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The Spectator
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 by Frank Shortt
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A Good Beginning on Short Hill Road
2014 Spectator Ron - The Spectator All Rights Reserved
C
        I crept quietly so as not to awaken Wendell and Patsy as I had awakened very early this particular morning in July of 2012.
        A doe stole silently into my brother, Wendell’s, yard as I gazed out the back door window pane. She ate knotty apples, the results of an early frost in spring. I watched her as she disappeared behind the storage shed, and just as suddenly appeared on the opposite hill in Wendell’s garden. Her sideward glances told me that she was alert to any danger and she seemed to be familiar with her surroundings. After a while, she disappeared into the dense forest to the side of the garden leaving me in awe. Why awe? I believe this to be my first time spotting a deer on the old Ed Shortt property. Ed Shortt was my father. The surrounding area of Shortt Gap, Virginia was named for his ancestors.
        I decided to go for a walk to the end of Short Hill Road to fetch the daily newspaper. It is a little over one-half mile and usually brings some surprises. The morning was already hot and a little humid. Robins chirped, squirrels squawked, and hummingbirds buzzed me as I passed their feeder. The ruby throated one is king of the hill. I was visiting Wendell and Patsy for the Shortt family yearly reunion.
         As I went down Wendell’s road I was greeted by a puffy white tail bobbing up and down. It belonged to a tiny cottontail bunny speeding furiously down the hill to escape contact with human kind. I meant it no harm, but, I am sure he did not even think of that. His instinct was to escape. Raspberry briars by the side of the road offered the bunny a quick haven.
        Rounding the bend from brother-in-law Mac Carter and Ruthann, my sister’s, house, I approached the cow lot where, during childhood, I had milked our Jersey cow so many times. I was reminded of the time when I was milking the cow and EL, my younger brother, was hotfooting it down to the highway to catch bus Seventeen, the one we took to school for so many years. As he passed me, whistling to beat the band, I turned the cow teat to one side, squirting him directly in the face. His first instinct was to pepper me with stones, which he would normally do, but instead thought better of it and went back to the house to wash his face. I often wondered what would have happened had he not cared if he scared the cow away.
        Just as I was opposite the cow lot, a beautiful gray fox went scampering down the road ahead and disappeared down over the hill. When I reported this to Mac, he said he had never seen a fox on the property. This morning must have been made just for me.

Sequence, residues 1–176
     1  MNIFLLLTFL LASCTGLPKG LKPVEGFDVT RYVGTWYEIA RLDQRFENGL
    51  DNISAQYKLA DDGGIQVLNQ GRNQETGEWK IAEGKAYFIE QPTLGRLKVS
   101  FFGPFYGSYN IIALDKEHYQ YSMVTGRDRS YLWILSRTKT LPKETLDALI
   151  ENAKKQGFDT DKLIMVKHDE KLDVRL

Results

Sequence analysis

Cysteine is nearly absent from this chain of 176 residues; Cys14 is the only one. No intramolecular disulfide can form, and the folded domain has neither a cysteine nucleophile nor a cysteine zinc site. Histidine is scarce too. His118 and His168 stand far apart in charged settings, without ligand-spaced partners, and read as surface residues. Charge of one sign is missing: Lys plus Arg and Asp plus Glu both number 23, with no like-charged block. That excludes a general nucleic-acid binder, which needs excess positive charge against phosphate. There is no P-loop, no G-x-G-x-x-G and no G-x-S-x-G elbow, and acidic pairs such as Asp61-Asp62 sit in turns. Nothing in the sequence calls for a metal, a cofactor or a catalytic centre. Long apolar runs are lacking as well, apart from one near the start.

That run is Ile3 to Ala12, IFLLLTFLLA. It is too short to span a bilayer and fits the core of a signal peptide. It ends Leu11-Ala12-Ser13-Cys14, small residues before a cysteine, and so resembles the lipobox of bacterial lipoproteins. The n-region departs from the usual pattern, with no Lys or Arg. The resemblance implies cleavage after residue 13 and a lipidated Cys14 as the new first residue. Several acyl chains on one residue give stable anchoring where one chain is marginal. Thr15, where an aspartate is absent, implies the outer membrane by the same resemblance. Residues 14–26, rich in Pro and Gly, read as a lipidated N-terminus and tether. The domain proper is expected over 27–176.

My next encounter was to approach the mobile home where my brother EL had lived with his second wife before his demise. It is in a state of disrepair since EL died suddenly a few years ago. It is said that his widow is now preparing to marry a man of means. I heard that she plans to sell the mobile home and the surrounding property. I wonder what this will produce. Will she sell it to strangers or to one of our relatives? After all, my father gave it to them.
        Ron Wade was leaving for work as I approached his home. He stopped, greeting me cordially, and after some small talk, he proceeded on to his place of employment. Ron is working for two companies even though he is well over retirement age. Some folks just cannot call it quits. He is a heart attack survivor.
        My return, after procuring the daily news, was without incident except to talk to Mac about the laxness of discipline among young parents today. He told me of his school days in Delaware which, according to him, were more like prison time than school. He reminisced,
        “We were not allowed to wear our hair like the rock and roll stars of our day, Elvis, Carl Perkins, etc. Our shirts had to be buttoned all the way up, showing no chest hairs, and we were required to wear starched khaki trousers. We were not allowed to walk with girls, only with another boy. The next couple had to be several feet behind us. If there was an infraction of the rules, we were taken to the principal’s office and given a whack with a special paddle with holes bored in it.” I smiled knowingly!
        After this encounter, I felt that I was very lucky to have attended the schools in Buchanan County, Virginia. Our teachers were very strict, but I must admit that I did not feel like I was in a prison atmosphere. The paddle used by our elementary school teacher was fashioned by my dad, Edward Shortt. It too had holes, bored with a red hot poker. I felt the sting of it a few times. I am sure I deserved more than I got.
        I returned to Wendell’s house for a breakfast of decaf coffee, Little Debbie Oatmeal Cookies, spread with peanut butter, and a banana. This was the beginning of a busy and fulfilling day. We were bound for the flea market at Tazewell and other adventures.